‘Consider closing cases against foreign Tablighi members’

Taking a sympathetic view of the 31 foreign Tablighi Jamaat members, imprisoned for over 70 days, the Madurai Bench of the Madras High Court asked the Tamil Nadu government to consider closing the cases against them and allowing them to return. The Bangladesh and Indonesian nationals including women and senior citizens were in Puzhal and Saidapet jails for violating Indian tourist visa conditions and indulging in religious preaching.

Granting bail to them taking into account the COVID-19 pandemic, Justice G.R. Swaminathan observed, “During times of armed conflict or emergency, the right to leave any country can be invoked. The current pandemic times are no different. The petitioners fortunately have not tested [COVID-19] positive so far. The position may be different tomorrow. The lives of the petitioners may be in danger. Times may be uncertain but rights have to be certain.”

“I, therefore, hold that the continuance of the criminal prosecution against the petitioners herein would certainly amount to an infraction of their fundamental right under Article 21 of the Constitution of India and directing their closure on appropriate terms alone would secure the ends of justice,” he held.

‘Suffered enough’

The court said that the petitioners have already suffered enough for their transgression of law. With the prevalence of medical emergency, they have the right to return to their native countries at the earliest opportunity.

Merely because the petitioners contravened the visa conditions, they cannot be seen as criminals. “The situation calls for empathy and understanding. The petitioners are yearning to breathe the native air in their own ground,” he said.

Taking the view that the prison term already undergone by them should be considered as sufficient punishment, Justice Swaminathan said “to insist that they should continue to remain in India offends the principle of proportionality and fairness.”

Ordering their release on own bonds, he directed the government to consider the proposal of the Jamia Qasmiya Arabic College, Chennai, to house them after their release.

The petitioners submitted that they would not visit India for the next 10 years and would coordinate with their respective embassies/consulates and bear travel expenses. Hence, the court directed the Central and State governments to play a facilitatory role.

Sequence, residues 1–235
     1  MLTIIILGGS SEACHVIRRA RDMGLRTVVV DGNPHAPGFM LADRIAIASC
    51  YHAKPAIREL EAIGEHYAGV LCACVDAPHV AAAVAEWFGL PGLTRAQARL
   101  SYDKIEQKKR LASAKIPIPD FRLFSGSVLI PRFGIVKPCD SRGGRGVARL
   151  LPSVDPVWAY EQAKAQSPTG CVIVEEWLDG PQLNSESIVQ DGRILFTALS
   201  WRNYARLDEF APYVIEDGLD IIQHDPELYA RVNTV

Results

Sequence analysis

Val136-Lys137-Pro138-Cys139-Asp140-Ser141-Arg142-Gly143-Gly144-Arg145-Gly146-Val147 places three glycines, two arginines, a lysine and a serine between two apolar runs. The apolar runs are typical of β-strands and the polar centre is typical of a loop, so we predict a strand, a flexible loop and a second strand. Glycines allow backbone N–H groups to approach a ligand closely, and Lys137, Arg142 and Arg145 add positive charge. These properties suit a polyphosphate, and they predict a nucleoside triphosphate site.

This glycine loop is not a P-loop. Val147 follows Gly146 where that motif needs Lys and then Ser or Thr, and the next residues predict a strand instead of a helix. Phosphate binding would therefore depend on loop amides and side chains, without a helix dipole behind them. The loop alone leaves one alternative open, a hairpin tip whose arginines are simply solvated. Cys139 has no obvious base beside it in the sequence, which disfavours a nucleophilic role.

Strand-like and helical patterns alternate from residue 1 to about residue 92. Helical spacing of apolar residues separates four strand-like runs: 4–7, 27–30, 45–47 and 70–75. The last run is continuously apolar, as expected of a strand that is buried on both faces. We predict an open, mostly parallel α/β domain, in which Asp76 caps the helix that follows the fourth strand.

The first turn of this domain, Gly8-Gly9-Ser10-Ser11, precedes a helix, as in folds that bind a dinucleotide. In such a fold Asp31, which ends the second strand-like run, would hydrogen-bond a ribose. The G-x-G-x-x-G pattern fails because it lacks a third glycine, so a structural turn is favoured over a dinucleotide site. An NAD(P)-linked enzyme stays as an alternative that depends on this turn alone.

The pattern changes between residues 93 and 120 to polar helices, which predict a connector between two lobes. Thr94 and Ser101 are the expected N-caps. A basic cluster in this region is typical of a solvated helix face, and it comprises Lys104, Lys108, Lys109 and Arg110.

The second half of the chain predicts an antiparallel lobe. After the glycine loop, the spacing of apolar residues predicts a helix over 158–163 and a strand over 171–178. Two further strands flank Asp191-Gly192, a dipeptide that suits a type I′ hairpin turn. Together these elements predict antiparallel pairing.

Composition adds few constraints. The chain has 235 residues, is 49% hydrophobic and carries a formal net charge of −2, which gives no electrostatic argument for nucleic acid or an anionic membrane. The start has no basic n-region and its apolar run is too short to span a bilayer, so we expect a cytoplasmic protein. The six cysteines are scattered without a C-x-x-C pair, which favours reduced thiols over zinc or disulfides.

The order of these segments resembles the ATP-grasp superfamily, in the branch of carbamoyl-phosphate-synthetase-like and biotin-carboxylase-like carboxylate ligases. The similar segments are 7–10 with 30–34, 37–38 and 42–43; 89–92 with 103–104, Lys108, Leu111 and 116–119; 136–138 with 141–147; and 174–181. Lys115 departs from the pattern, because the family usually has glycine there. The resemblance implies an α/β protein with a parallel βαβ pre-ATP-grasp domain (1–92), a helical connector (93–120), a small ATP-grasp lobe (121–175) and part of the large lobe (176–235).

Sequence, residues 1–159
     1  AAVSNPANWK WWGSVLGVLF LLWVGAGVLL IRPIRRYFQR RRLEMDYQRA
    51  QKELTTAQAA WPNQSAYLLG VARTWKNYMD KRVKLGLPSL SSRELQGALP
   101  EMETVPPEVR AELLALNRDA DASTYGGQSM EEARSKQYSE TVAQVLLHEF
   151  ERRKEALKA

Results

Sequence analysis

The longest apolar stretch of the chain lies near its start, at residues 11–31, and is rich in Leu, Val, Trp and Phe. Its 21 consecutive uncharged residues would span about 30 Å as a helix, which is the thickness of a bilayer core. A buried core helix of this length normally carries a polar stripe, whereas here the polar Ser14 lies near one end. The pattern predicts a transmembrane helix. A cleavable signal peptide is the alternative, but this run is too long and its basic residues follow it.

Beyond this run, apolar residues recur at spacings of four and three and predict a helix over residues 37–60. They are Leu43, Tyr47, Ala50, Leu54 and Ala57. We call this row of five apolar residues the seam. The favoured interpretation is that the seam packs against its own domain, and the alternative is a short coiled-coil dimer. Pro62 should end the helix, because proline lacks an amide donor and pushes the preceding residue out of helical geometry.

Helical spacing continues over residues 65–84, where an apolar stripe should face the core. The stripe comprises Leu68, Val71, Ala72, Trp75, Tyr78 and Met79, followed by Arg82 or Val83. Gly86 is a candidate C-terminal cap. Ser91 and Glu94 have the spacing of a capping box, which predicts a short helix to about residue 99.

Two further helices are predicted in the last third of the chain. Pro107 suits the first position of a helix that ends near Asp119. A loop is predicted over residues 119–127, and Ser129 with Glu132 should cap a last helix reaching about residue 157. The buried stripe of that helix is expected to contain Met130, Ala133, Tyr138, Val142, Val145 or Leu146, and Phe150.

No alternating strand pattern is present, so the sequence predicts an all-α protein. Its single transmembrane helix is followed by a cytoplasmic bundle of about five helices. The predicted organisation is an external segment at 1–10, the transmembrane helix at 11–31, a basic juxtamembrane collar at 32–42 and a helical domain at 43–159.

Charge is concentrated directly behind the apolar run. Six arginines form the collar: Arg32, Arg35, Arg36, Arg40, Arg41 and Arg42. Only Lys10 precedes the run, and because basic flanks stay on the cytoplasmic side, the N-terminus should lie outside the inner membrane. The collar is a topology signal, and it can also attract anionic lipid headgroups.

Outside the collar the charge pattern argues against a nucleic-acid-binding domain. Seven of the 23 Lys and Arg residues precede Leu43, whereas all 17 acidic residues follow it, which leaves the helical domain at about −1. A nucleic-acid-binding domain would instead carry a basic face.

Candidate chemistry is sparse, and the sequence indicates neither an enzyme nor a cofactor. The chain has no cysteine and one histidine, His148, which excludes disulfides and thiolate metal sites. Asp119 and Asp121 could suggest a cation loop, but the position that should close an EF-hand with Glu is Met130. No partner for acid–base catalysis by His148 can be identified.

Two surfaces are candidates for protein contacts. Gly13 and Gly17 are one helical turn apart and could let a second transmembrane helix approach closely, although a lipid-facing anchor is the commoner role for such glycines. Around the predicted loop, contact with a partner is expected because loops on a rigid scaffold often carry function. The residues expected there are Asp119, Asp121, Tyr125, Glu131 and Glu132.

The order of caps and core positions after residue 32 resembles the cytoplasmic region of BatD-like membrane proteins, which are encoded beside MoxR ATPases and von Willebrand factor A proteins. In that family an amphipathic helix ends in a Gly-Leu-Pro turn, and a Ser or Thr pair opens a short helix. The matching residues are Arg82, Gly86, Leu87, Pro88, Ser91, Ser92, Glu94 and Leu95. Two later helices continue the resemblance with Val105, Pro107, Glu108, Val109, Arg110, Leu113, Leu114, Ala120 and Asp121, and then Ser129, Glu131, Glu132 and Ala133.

“On the execution of appropriate affidavits by the petitioners expressing their regret for violating visa conditions, the proceedings against them shall be concluded by filing final reports recording the same,” the court said.

The judge pointed out that the prosecution’s case was not that the petitioners had indulged in proselytising activities. Their acts had not prejudiced public tranquility. The court said they came here propelled by a sense of religious idealism. But their mission went awry and they were now eager to go back to their families.

Pointing out to the fact that India was a signatory to the International Covenant on Civil and Political Rights, the court said that though the petitioners had violated visa conditions and cannot demand that they must be allowed to return as a matter of right, the authorities concerned cannot arbitrarily deny their request.

The judge also took into account that none of the petitioners had tested positive for COVID-19 and relied on a government order passed in 1996 that mandated State governments to keep a watch on persons who engaged in religious activities in violation of tourist visas and to deport them immediately.

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